100 Years Ago- Los Angeles Company Helped WWI Soldiers Keep Close to Loved Ones

100 Years Ago- Los Angeles Company Helped WWI Soldiers Keep Close to Loved Ones

by Geraldine Knatz, LACHS Board Member

In WWI soldiers were forbidden to carry personal information with them into battle, particularly photos or letters that might have addresses on them.  But an enterprising Los Angeles business figured out a way to satisfy a soldier’s longing to be near to his loved ones and not get in trouble with the military –using specially designed buttons made by the Liberty Manufacturing Company of Los Angeles.  

A Pioneering Los Angeles Business: The Los Angeles Furniture Company

A Pioneering Los Angeles Business: The Los Angeles Furniture Company

by Geraldine Knatz, LACHS Board Member

Los Angeles was not much more than a pueblo when J. C. Dotter arrived in 1859 from Kansas, via Salt Lake City.   He started a furniture business in the 1860’s just off the old plaza on Commercial Street.  He and his early partners would supply furniture to the surrounding haciendas, their stock coming by ship to San Francisco and then by wagon down to Los Angeles. 

Los Angeles Reaches One Million Residents! Barber Shops Tell the Real Story…

Los Angeles Reaches One Million Residents!  Barber Shops Tell the Real Story…

by Geraldine Knatz, LACHS Board Member

In September, 1923, the Los Angeles Chamber of Commerce declared that the City of Los Angeles had surpassed the 1 million mark in population.  Having a million residents had actually been foretold before this auspicious announcement as evidenced by the 1920 Los Angeles brass watch fob commemorating Los Angeles’ stride toward a population of one million.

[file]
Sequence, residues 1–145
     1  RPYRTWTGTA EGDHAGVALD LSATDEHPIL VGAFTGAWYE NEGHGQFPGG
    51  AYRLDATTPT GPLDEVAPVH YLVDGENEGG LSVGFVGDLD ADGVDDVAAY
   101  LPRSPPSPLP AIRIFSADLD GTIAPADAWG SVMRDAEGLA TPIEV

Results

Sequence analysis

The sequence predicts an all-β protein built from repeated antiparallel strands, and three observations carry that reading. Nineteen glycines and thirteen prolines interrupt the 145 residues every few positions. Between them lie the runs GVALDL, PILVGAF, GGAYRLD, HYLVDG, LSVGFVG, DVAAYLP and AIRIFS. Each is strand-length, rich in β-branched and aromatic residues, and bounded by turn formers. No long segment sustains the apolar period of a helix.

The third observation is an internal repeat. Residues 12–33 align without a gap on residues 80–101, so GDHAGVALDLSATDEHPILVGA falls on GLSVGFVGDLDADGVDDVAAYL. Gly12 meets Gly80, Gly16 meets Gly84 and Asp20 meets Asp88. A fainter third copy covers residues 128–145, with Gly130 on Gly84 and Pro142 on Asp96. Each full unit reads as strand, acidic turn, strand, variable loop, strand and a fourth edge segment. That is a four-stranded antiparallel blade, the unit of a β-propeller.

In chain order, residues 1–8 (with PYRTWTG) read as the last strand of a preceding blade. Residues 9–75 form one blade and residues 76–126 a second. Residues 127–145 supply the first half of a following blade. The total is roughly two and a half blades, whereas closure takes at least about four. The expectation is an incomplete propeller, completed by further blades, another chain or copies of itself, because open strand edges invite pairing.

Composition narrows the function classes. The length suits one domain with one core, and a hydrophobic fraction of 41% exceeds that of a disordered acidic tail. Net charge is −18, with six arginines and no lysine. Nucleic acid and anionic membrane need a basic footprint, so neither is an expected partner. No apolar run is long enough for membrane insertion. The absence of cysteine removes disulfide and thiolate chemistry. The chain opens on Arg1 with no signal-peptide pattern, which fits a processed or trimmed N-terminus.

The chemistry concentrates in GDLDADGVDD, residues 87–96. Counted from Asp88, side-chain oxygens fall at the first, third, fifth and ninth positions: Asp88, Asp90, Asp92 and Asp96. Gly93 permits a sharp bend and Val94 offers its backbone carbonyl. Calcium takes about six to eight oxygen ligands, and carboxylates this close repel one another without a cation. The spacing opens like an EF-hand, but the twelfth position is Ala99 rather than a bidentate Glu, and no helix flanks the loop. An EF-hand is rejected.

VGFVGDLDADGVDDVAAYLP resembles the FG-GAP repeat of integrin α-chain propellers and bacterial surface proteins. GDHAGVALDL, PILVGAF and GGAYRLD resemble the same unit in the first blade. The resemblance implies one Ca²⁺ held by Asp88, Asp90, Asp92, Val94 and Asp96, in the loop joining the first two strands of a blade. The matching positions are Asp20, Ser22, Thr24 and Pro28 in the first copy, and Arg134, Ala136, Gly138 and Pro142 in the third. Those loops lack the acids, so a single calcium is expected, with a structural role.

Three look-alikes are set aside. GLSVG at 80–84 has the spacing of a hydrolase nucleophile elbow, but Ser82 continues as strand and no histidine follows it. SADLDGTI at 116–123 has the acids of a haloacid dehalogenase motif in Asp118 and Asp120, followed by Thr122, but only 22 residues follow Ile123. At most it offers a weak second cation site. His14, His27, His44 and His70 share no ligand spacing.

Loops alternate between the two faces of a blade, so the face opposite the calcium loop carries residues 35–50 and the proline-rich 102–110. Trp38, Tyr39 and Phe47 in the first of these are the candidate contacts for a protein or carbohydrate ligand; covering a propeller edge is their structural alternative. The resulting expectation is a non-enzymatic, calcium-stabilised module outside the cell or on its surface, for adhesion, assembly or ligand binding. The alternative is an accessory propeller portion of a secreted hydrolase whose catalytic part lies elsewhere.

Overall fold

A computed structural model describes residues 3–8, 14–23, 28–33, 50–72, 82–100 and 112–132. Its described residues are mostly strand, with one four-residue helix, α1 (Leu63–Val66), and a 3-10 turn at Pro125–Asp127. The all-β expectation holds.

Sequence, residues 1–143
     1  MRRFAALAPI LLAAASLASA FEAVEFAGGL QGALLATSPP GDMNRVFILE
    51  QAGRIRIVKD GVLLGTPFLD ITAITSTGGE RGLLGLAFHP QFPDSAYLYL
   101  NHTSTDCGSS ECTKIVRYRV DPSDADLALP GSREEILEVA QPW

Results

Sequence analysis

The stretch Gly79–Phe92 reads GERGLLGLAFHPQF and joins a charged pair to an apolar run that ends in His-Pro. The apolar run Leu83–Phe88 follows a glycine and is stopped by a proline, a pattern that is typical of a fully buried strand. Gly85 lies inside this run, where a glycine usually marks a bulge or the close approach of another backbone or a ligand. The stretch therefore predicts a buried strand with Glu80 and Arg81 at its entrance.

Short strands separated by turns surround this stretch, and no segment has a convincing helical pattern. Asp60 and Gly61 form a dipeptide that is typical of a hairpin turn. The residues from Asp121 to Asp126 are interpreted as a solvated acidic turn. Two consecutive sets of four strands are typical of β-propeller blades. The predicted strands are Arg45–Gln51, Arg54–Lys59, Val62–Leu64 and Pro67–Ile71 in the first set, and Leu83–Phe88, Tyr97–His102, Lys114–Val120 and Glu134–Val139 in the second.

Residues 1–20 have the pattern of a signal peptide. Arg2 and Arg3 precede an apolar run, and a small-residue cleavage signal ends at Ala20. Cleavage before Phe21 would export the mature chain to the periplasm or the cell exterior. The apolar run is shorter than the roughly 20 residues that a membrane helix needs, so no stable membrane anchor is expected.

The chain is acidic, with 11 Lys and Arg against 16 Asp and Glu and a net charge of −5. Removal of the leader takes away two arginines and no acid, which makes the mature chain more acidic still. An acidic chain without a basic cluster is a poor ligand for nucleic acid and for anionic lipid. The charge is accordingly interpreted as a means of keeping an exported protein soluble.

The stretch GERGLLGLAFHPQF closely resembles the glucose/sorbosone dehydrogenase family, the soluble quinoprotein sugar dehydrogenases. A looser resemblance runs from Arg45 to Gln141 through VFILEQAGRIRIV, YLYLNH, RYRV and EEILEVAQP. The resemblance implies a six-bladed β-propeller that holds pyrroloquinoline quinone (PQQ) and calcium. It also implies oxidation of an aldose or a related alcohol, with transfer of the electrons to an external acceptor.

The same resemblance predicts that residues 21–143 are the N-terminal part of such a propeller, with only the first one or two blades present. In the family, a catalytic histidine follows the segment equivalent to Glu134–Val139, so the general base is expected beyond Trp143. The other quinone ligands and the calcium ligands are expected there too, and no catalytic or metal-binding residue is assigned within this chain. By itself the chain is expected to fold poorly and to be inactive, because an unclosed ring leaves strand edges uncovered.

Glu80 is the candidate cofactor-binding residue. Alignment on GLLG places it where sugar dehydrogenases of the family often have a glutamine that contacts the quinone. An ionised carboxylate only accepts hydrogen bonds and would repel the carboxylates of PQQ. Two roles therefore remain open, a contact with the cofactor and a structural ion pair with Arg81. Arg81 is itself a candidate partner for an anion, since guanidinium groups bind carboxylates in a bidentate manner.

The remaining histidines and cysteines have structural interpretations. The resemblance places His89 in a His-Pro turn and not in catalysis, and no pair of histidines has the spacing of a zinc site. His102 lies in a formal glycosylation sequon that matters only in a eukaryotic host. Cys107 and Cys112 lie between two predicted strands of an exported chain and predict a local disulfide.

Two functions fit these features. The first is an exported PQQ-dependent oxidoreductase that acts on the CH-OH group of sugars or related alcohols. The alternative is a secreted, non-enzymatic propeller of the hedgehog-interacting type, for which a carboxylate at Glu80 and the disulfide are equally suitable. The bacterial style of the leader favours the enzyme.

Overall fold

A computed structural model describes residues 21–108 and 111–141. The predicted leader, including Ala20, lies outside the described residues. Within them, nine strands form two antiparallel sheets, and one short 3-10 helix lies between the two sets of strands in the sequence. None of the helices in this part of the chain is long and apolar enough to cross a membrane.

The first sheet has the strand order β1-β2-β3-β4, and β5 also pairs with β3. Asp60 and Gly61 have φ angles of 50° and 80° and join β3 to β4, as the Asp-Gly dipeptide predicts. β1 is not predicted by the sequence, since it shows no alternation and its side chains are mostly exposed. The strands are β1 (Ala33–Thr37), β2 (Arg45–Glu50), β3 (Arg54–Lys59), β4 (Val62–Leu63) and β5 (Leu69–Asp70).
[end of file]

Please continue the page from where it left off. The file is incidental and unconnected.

Six Brothers, Six Reasons: Charles Tartaglia & Bros. Tailors

Six Brothers, Six Reasons: Charles Tartaglia & Bros. Tailors

by Geraldine Knatz, LACHS Board Member

The Los Angeles City Historical Society held a lecture about the Italian immigrants to Los Angeles as part of the Marie Northrop Lecture series.  Always on the lookout for Los Angeles historical memorabilia, I happened to find an advertising mirror that advertises the Tartaglia and Bros. Tailors with their motto, “Six Brothers, Six Reasons.” 

The King of Transportation

The King of Transportation

by John E. Fisher, LACHS Board Member

Since the beginning of history, the human race has depended on animals — horses, mules, camels and oxen — for long distance transportation across land.  Such was the case in Southern California. Los Angeles and other settlements along El Camino Real were accessible only by horseback and stagecoach. That would begin to change with the efforts of a person who would become known as the “King of Transportation,” Phineas T.  Banning.